In this spirit, whether or not parents want to believe that gaming friends are “real friends,” our kids are decidedly benefitting from these relationships.
Start by having a conversation with your child:
- Do you know anyone else in your gaming world? Who? How?
- What do you like about playing with them?
- How do you stay in touch with them?
- How do you treat one another?
- Would you say that you know most of the people you play with?
- How many are strangers?
- Where else do you see your gaming friends?
These kinds of questions help us get beyond simple and sometimes universal advice that focuses on just getting kids to “just play less” and also focus on an important question for all kids: “Are you connected? Or alone?”
Your kid needs you to build bridges between gaming and the real world
In her book SuperBetter: The Power of Living Gamefully, researcher Jane McGonigal argues that games don’t inevitably make players more anxious, depressed, and addicted. Instead, she presents a wealth of research about the positive transformative effects of games. McGonigal does acknowledge that the research indicates playing too much is associated with depression and anxiety, lower grades and social isolation. However, under that tipping point, she argues that one of the key drivers of outcomes for gamers is not how much but why they play games.
Namely, are gamers playing to escape their real lives or to make their real lives better?
This framework helps us build that connection around games that research shows is so helpful.. We can approach our gamers with more curiosity and help them build bridges between their gaming worlds and their real one. McGonigal suggests a few helpful questions.
- What are you most proud of in this game so far? How did you accomplish that? What kinds of skills and strategies did you use to do this?
- What are your strategies for winning? How did you come up with those? Can you use them anywhere else in your life?
- How do you find motivation to not give up?
- What do you think this game makes you good at? Where else could you use those skills?
- I read today that gamers are better at [X] than non-gamers. Do you think this is true for you?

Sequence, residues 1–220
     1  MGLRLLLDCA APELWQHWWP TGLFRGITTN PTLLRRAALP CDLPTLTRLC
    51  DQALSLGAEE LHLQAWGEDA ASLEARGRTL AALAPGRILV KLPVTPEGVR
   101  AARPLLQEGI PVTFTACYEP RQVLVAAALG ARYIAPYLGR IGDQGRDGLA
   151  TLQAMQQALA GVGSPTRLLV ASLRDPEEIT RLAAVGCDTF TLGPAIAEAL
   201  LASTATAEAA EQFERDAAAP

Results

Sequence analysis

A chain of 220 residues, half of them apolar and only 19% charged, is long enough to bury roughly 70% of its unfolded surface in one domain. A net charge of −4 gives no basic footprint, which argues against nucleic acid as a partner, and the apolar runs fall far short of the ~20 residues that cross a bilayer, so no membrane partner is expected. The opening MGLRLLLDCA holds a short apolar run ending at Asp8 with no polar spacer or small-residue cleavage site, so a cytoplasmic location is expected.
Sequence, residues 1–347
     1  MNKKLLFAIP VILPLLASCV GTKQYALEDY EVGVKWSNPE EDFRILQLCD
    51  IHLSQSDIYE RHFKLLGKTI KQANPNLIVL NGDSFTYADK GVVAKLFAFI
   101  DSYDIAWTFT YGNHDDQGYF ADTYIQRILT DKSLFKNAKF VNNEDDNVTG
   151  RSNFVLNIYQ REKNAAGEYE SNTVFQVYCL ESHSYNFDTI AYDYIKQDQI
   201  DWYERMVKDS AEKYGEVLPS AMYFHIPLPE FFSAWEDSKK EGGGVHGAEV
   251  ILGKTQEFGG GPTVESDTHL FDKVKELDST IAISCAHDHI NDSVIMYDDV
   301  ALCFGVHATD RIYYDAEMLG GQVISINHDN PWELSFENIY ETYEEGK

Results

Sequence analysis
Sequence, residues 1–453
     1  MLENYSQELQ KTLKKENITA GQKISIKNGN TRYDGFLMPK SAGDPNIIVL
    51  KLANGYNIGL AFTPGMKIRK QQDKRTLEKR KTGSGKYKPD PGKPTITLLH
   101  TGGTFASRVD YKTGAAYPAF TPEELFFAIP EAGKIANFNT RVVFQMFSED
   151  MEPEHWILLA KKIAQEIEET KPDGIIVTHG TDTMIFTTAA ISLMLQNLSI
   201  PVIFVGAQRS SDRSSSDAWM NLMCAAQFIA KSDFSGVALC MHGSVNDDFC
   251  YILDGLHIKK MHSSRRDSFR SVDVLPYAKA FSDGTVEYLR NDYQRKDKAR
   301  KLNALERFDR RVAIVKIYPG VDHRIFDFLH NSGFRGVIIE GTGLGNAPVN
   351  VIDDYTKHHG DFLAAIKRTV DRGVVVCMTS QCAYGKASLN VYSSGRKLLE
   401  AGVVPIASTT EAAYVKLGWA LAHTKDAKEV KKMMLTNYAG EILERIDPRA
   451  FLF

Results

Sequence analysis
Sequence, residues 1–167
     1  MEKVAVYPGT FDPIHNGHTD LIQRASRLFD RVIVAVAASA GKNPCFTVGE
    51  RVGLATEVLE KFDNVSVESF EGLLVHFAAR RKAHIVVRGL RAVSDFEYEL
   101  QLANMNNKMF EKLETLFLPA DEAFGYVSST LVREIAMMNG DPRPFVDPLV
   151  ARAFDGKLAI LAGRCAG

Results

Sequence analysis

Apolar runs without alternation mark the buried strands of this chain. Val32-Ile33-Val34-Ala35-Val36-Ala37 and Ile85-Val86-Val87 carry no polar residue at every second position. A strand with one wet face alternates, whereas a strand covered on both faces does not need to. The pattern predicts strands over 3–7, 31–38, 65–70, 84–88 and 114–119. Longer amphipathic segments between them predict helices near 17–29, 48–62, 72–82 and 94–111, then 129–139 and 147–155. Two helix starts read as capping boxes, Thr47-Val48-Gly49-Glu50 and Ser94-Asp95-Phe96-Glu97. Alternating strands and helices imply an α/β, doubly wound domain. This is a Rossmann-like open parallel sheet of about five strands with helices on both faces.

These kinds of “bridging questions” ultimately help tether your child’s gaming world to real world skills, situations, and relationships.
McGonigal also encourages caring adults to ask the most important question of them all: “Can I play with you?”
But what about the negative effects of video games?
Paying attention to strengths and boosting protective factors doesn’t mean that you should ignore signs of gaming addiction or that you shouldn’t set limits or pay attention to the violent content of games.
It does mean that for the 90% of young people who are playing video games, more of them could use meaningful conversations with caring adults who are committed to helping them build bridges between the virtual and the real worlds, practice emotional regulation skills, and nurture a set of warm relationships online and offline.
Does this mean that power struggles over games disappear? Does it mean that a magical land of gaming family harmony is out there just waiting for each of us? I won’t rule it out, but more likely we will continue to have good days and bad days.
Telescoping out from the-come-to-dinner arguments, there is a longer term goal out there of raising some good humans. Focusing on nurturing relationships and building bridges might yield more young people who are gaming to make their lives better and know how to use their gaming strengths and superpowers out in the world.